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Trial starts for three Taranaki police officers charged with manslaughter of person in custody

The High Court manslaughter trial of three police officers in New Plymouth started today.

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1 NEWS reporter Kate Nicol-Williams filed this report. Source: 1 NEWS

All officers have pleaded not guilty to causing the death of a 55-year-old Hawera man who was arrested as a result of a family harm incident and several hours later, was found unresponsive in a police cell.

Allen Ball was arrested in a highly intoxicated state near midnight on May 31, 2019.

The argument from the Crown is that the officers were grossly negligent in their legal duty of care for Ball, a vulnerable person in custody, particularly in failing to provide the medical treatment that would have kept him alive.

During a routine check, one of the officer’s found Ball unresponsive and CPR was performed by police and emergency services before he was pronounced dead shortly before 3am on June 1.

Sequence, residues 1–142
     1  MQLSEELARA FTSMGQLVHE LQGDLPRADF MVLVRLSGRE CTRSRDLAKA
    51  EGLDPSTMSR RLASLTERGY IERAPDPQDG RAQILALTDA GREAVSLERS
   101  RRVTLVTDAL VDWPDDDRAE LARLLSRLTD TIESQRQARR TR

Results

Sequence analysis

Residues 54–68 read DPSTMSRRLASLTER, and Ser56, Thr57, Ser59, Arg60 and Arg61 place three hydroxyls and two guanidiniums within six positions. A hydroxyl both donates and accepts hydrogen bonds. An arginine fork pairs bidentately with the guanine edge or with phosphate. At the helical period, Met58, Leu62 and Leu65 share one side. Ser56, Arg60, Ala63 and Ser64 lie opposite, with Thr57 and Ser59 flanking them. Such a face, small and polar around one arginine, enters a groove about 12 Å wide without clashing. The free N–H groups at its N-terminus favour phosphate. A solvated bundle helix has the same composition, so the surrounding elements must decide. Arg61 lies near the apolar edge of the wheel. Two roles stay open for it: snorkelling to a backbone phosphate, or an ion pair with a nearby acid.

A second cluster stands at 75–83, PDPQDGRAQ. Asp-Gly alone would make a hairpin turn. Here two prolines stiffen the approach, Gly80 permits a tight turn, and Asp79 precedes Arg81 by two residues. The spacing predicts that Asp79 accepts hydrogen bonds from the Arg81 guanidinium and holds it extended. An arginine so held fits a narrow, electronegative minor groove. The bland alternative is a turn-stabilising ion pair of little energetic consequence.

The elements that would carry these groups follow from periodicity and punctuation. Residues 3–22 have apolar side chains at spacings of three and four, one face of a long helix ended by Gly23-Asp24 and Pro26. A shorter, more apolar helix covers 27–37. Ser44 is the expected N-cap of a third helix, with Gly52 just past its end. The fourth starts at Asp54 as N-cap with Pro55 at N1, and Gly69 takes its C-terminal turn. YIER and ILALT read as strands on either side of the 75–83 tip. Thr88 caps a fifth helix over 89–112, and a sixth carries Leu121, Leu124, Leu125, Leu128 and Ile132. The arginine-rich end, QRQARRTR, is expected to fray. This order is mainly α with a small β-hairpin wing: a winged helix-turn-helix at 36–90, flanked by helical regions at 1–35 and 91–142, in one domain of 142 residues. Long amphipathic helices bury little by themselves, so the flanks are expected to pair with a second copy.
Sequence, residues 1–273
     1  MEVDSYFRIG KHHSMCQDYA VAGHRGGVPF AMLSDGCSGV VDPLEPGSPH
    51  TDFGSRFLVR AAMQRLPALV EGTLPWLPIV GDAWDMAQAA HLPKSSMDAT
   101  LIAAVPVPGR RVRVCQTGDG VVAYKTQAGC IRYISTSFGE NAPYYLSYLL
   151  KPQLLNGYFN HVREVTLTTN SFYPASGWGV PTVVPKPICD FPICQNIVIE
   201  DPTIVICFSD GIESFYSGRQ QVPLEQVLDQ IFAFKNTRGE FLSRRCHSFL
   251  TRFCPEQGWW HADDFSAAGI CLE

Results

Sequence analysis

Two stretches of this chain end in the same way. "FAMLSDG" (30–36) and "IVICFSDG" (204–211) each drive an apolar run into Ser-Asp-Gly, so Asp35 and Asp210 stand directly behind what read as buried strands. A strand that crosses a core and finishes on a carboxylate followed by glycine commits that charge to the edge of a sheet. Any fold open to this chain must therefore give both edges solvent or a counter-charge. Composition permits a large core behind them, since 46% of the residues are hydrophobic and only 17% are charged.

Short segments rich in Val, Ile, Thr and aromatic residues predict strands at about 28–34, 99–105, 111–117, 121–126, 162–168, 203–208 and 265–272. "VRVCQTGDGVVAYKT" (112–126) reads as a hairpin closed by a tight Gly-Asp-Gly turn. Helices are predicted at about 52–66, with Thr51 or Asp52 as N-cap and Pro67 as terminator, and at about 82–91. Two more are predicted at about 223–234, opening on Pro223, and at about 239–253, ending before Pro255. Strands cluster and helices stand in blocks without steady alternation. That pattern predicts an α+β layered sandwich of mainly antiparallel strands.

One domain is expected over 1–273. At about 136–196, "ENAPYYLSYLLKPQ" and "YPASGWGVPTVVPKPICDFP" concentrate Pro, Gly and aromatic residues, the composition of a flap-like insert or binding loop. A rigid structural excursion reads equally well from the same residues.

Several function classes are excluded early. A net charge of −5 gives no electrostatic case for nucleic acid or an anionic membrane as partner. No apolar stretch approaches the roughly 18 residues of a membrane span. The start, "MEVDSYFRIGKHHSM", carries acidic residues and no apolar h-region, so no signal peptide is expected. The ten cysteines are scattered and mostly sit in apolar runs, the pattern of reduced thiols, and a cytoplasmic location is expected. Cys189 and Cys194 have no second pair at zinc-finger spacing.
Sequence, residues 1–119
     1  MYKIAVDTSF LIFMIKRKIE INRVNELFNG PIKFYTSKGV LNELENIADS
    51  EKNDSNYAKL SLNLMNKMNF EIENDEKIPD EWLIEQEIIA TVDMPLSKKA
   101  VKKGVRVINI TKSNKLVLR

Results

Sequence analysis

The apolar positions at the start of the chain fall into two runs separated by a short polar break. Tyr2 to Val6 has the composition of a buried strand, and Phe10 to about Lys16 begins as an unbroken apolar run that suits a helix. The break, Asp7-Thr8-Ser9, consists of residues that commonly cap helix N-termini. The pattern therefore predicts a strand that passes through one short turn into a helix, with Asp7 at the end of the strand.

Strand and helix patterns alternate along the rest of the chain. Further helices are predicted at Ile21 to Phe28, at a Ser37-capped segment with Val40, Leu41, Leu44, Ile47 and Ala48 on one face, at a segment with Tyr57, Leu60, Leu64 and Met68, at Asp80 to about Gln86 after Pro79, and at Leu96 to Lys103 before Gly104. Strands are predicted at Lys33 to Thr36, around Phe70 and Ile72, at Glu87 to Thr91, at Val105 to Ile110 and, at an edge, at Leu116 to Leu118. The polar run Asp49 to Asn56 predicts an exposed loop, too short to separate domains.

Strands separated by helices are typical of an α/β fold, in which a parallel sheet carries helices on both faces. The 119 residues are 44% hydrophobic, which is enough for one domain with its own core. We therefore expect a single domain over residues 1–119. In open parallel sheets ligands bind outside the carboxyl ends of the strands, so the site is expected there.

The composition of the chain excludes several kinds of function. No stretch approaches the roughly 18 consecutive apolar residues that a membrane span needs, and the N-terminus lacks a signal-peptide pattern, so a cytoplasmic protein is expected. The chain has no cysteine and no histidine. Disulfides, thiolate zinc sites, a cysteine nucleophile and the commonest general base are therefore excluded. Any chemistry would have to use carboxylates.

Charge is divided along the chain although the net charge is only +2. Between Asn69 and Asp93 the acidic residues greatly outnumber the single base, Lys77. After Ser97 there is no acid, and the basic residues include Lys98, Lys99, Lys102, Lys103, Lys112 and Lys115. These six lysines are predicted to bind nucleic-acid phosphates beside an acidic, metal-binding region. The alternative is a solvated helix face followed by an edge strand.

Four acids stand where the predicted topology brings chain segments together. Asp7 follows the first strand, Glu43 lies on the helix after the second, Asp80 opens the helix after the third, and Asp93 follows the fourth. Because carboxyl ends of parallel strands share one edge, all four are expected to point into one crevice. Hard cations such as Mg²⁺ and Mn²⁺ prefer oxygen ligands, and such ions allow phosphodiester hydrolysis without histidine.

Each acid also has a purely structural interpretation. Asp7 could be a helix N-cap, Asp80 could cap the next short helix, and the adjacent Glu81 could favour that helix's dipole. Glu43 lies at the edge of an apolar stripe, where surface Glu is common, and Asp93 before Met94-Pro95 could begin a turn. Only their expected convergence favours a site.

Today Justice Susan Thomas said she expected the trial will take four weeks.

A jury of 12 people has been selected and the Crown has begun its opening arguments.

Crown prosecutor Cherie Clarke said Ball had drunk a litre of bourbon that night and police noted that he had mentioned suicide.

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The charges relate to the death of a 55-year-old man in a police cell in 2019. Source: 1 NEWS

She alleges Ball was unresponsive when he arrived at the police station and should have been taken to hospital at that point.

"It ultimately took six people to carry Mr Ball into the Hawera Police Station," Clarke said.

"Once placed into the cell, he was placed onto the floor and put in the recovery position. Mr Ball continued to snore but he did not respond to pain compliance techniques and he did not wake."

Clarke argues officers chose to ignore a computer alert on the police monitoring system that advised for hospital treatment and made no significant or serious attempt to properly assess his health and wellbeing in the next two hours.

The Crown said a toxicity report showed Ball had alcohol, tramadol and codeine in his system, calling his death effectively a drug and alcohol overdose that he would have survived if the appropriate medical care was provided.

The trial continues.